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Volley Ball

Source: Games For The Playground, Home, School And Gymnasium
Category: BALL GAMES

_2 to 30 players._

_Playground; gymnasium._

_Volley ball._

This game consists in keeping a large ball in motion back and forth
across a high net by striking it with the open palm. The ball must not
be allowed to touch the floor.

For large teams this game should be played on a ground
measuring fifty feet long and twenty-five feet wide. For smaller teams
a smaller ground will answer.

A tennis net, or net two feet wide, preferably the latter, is
stretched across the center of the ground, from side to side,
extending one or two feet beyond the boundaries on either side. The
upper edge should be from six feet six inches to seven feet six inches
above the ground.

Any number of players up to thirty may play. The players are
evenly divided into two parties, which scatter over their respective
courts without special arrangement. There is a captain for each side.
An umpire is desirable.

The object of the game for each party is to keep
the ball in lively play toward its opponents' court, as each party
scores only on its opponents' failures to return the ball or keep it
in the air.

The ball is put in play by being served by the party which is to
score. The service of the ball, and with it the privilege of scoring,
pass to the opponents according to the rules described hereinafter.

The ball is put in play by being served by
a member of one side, who should stand at the rear of his court with
one foot on the rear boundary line and the other behind the line. From
this position the ball is tossed upward lightly from one hand and
batted with the palm of the other hand toward or into the opponents'

Each server has two trials in which to send the ball into the
opponents' court. The service being over a long course with a
comparatively heavy ball, the following privileges are allowed: a
served ball may be assisted on its course by any two other players on
the server's side; no player so assisting the ball on the serve may
strike it more than twice in succession, and the server under such
circumstances may not strike it more than once; but should the ball
then fail to land in the opponents' court, the server loses his
second serve.

In serving, the ball must be batted at least ten feet by the server
before being touched by any other player on his side.

No "dribbling" is allowed in serving.

A successful server continues serving until his side allows the ball
to touch the floor, knocks it out of bounds, or fails to return it to
the opponents. A server may also lose as follows:

If a returned ball hits a player on the server's side and bounces into
the opponents' court, it is considered in play. If it hits such a
player and does not bounce into the opponents' court, the server is
out, losing his second trial.

If the ball hits the net during service, it is counted a dead ball and
loses the server one of his trials.

If a served ball falls outside the opponents' court, the server loses
his turn.

The players on a side take turns in serving.

The ball must always be batted with the open palm. The
ball should be returned by the opponents before it can strike the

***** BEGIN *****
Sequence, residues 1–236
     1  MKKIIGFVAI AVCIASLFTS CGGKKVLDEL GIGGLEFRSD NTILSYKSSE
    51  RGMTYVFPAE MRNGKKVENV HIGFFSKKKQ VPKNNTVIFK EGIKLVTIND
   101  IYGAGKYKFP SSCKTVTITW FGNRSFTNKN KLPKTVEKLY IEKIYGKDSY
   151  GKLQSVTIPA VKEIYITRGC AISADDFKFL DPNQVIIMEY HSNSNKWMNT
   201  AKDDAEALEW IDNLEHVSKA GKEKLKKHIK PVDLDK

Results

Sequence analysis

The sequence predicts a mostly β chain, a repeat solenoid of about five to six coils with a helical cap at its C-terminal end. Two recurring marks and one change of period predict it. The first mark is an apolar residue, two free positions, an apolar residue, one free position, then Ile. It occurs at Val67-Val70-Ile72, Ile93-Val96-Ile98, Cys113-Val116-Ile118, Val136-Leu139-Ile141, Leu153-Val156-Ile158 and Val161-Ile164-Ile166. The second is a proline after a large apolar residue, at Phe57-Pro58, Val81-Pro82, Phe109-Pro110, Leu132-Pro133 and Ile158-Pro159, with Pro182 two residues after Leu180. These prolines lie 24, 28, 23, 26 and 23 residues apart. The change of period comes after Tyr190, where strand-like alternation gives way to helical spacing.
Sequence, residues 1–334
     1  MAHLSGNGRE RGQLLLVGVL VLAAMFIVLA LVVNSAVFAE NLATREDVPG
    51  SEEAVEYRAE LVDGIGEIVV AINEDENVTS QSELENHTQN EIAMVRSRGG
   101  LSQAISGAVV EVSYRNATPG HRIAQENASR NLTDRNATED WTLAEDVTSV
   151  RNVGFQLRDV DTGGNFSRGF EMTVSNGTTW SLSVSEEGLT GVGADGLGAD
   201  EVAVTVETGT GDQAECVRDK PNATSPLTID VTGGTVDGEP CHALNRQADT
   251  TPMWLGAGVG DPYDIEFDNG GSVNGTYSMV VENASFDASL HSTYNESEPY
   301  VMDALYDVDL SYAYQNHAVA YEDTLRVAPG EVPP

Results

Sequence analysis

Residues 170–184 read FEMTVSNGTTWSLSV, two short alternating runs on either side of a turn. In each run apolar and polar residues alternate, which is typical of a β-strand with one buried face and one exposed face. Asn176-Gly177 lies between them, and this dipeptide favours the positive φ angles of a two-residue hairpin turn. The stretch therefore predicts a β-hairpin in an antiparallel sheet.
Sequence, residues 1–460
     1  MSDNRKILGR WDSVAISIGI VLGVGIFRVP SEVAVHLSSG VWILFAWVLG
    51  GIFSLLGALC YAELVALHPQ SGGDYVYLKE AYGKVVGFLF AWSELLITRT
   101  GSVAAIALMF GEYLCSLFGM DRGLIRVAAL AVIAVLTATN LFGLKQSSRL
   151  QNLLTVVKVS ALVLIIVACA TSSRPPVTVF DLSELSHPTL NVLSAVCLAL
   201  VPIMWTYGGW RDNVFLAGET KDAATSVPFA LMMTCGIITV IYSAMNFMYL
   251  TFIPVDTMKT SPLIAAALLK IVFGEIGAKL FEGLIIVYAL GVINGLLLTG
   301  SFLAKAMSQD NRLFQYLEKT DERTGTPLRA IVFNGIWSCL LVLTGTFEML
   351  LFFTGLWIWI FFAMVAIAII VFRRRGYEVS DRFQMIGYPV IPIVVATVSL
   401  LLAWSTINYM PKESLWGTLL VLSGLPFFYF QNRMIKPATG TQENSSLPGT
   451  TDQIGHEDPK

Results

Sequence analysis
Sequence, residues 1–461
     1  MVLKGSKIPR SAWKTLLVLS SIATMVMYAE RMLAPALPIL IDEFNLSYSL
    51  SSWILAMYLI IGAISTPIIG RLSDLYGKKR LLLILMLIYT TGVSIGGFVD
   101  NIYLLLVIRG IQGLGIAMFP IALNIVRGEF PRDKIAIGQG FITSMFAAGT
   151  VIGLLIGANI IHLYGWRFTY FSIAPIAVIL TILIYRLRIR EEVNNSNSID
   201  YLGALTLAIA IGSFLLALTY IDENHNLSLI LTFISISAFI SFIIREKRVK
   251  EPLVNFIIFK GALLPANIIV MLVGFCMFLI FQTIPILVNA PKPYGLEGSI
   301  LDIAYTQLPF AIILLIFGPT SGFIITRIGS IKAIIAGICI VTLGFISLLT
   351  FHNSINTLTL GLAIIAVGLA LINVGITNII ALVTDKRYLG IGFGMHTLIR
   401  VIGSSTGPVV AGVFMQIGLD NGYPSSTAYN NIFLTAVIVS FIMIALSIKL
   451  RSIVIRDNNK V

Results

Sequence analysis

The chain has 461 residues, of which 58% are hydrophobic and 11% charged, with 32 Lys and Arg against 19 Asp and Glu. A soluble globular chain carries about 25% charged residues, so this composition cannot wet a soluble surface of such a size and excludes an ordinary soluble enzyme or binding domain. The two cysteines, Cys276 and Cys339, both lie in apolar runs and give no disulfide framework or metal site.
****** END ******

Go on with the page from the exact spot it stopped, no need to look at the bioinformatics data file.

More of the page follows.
ground. Any number of players may strike the ball to send it across
the net, but no player may strike more than twice in succession.
Having struck the ball twice, a player may resume his play only after
some other player has struck it. The ball is thus volleyed back and
forth across the net until one side fails to return it or allows it to
touch the floor, or until it goes out of bounds. A ball is put out of
play by hitting the net in returning after a serve. A ball which
bounds back into the court after striking any other object except the
floor or ceiling is still in play. It is permissible to strike the
ball with both hands at once (open palms).

If a player touches the net at any time, the ball is thereby put out
of play. Should this player be on the serving side, his side loses the
ball and it goes to the opponents. Should this player be on the
receiving side, the serving side scores one point. Should the net be
touched simultaneously by opponents, the ball is thereby put out of
play and the serving side serves again.

No dribbling is allowed at any time through the game; _i.e._ no
keeping the ball in the air by one player hitting it quickly and

In sending the ball across the net, players should aim for an
unprotected part of the opponents' court, or try in other ways to
place them at a disadvantage.

This is entirely a defensive game, the score being made on
opponents' fouls and failures. Aside from fouls, only the serving side
scores. A good serve unreturned scores one point for the serving side.
A point is similarly scored by the serving side at any time when the
opponents fail to return a ball which is in play. Failure of the
serving side to return a ball to the opponents' court merely puts them
out; that is, the serve passes to the opponents, but no score is made
on the failure. Should a player touching the net be on the receiving
side, the serving side scores one point. A ball sent under the net is
out of play and counts against the side which last struck it, their
opponents scoring one point. If the ball strikes any object outside
the court and bounds back, although it is still in play, it counts
against the side which struck it out, their opponents scoring one
point. A ball sent out of bounds by the receiving side in returning a
service scores one point for the serving side. One point is scored for
the opponents whenever a player catches the ball, or holds it for even
an instant. The game consists of twenty-one points.

Next: Wall Ball Drill

Previous: Tree Ball

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